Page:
I am writing in Albany at the end of the New York State Catholic Conference’s Public Policy Forum Day March 11. That is a long title and it represents a great deal of good work people do to represent our values to legislators of New York state.
Present at the day are hundreds of representatives from the eight dioceses of our state. We are all here to present our hopes and concerns about a range of important issues. This year our priority issues are the Reproductive Health and Privacy Protection Act proposed by Gov. Spitzer; support for education tax credits; expanded support for working families; expansion of access to health insurance; opposition to the legalization of same-sex unions; the provision to immigrants and migrants of access to essential services; and reduction of greenhouse gas emissions from all sources.
There are three major components of the day. There are educational fora and orientation sessions for diocesan delegations, especially for those who are first-time participants. The one I chose to attend dealt with “Responsible Citizenship” a pre-election publication published by the United States Conference of Catholic Bishops. The document intends to help prospective voters learn how best to form their consciences in preparation for their vote. The session was beautifully led by Bishops Howard Hubbard of Albany and Nicholas DiMarzio of Brooklyn. Both bishops have long experience in the public-policy arena. Their comments and reflections on the document generated excellent questions and comments from the people who attended.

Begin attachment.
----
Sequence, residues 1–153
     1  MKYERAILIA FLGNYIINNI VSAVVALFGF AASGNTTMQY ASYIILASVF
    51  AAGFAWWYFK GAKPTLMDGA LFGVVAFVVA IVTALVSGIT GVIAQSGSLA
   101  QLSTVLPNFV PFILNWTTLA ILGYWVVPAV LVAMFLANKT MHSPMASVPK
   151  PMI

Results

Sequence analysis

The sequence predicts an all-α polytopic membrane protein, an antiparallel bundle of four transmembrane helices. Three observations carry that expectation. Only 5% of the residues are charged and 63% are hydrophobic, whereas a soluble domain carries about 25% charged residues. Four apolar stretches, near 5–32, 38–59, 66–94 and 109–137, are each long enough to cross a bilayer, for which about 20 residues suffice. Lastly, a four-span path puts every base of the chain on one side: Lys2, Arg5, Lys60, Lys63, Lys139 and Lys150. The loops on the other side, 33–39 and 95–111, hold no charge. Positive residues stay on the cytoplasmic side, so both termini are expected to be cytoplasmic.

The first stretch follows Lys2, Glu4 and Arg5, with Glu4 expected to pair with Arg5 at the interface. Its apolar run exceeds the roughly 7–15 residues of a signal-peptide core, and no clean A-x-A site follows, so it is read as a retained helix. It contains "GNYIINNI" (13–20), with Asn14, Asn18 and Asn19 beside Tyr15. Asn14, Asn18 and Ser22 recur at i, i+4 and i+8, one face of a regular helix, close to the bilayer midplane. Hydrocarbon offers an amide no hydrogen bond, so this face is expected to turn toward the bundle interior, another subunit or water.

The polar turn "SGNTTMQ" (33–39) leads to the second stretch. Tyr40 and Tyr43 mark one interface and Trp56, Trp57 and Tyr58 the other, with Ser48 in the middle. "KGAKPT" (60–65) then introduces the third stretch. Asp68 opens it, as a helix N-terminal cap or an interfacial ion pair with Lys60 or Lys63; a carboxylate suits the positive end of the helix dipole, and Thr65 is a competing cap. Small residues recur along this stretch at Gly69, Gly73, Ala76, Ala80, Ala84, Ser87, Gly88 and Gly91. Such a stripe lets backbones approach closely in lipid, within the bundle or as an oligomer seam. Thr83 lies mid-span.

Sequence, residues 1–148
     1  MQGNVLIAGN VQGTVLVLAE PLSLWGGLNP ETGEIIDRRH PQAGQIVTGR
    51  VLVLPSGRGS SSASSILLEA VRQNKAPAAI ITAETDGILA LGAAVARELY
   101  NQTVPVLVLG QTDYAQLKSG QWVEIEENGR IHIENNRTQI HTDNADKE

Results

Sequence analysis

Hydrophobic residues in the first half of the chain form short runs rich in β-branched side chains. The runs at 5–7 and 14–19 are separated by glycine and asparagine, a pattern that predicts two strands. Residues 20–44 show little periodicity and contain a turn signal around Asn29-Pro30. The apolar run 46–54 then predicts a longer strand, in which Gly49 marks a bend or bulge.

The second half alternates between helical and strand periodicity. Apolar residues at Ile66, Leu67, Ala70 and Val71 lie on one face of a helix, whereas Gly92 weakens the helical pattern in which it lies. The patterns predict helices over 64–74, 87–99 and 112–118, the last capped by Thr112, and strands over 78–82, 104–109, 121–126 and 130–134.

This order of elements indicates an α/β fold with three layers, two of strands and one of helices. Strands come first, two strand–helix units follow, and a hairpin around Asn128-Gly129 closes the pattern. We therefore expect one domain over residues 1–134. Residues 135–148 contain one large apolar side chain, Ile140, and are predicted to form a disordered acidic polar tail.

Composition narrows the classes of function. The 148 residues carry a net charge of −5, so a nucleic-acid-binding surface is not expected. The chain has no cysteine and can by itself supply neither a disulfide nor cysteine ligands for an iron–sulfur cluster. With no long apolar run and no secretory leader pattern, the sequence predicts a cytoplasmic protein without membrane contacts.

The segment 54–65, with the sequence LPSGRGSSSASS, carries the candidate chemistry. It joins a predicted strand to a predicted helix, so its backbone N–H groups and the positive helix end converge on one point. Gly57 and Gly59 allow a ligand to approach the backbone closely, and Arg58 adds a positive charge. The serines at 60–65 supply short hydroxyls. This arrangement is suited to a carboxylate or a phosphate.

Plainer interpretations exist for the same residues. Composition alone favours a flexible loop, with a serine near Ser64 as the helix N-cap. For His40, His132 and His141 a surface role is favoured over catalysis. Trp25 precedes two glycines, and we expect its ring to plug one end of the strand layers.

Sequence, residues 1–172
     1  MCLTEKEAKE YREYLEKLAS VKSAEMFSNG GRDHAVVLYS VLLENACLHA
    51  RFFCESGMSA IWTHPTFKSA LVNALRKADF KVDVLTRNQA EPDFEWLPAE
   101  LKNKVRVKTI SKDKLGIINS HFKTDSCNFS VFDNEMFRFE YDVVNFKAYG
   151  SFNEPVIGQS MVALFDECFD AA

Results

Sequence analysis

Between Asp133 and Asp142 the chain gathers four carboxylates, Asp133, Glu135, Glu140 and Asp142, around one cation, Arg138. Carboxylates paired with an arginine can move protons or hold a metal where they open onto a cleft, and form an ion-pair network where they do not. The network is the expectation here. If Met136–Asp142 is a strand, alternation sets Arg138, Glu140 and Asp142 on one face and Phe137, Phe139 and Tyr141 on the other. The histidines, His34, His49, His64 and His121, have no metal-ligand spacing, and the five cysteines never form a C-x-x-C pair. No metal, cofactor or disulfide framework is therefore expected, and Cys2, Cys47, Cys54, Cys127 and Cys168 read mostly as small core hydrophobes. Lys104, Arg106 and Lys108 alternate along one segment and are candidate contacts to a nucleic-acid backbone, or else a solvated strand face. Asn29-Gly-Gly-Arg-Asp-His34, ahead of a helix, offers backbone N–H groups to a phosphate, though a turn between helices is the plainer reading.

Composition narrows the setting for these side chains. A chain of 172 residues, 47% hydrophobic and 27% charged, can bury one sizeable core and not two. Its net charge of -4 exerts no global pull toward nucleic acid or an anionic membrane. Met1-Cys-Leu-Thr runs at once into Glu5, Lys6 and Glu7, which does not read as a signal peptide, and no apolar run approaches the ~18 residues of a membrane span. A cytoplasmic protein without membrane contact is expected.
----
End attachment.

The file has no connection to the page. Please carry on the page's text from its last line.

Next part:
A central component of the forum is the Eucharist. As usual, Cardinal Edward Egan, Archbishop of New York, presided and preached at this celebration. At the end of the liturgy the cardinal, on behalf of the NYSCC, recognized three individuals for their distinguished and consistent support of Catholic principles in the public arena.
The third feature of the day is always the conversations that diocesan delegations have with their respective state legislators or members of their legislators’ staffs. Even on this extraordinary day of upset and controversy swirling around the governor, these conversations took place.
The Public Policy Forum is a once-a-year event. But, the activity and conversations with state legislators go on all year. This includes the work of the NYSCC staff which is headquartered in Albany and ongoing conversations in the several dioceses.
A final note: One of the pleasing developments in this forum in recent years has been inclusion of young people in the day’s activity. This morning I went to a session for the teens and sat with a delegation from McQuaid Jesuit High School. At lunch I sat with a group from Christian Brothers Academy in Syracuse. I also had a chance to chat with two students from Holy Family School in Elmira.
It’s such a pleasure to hear these friends speak about the issues that bring us together. They are well-informed and often bring a measure of passion to the discussions at hand. They may not yet have the right to vote but I am sure that our legislators listen attentively to these young voices. I do think that their inclusion in activities like the forum is yet another way of telling them that they are fully a part of our faith community and that we value their presence and gifts very highly.
My prayers are with you as we come closer to Holy Week.
Peace to all.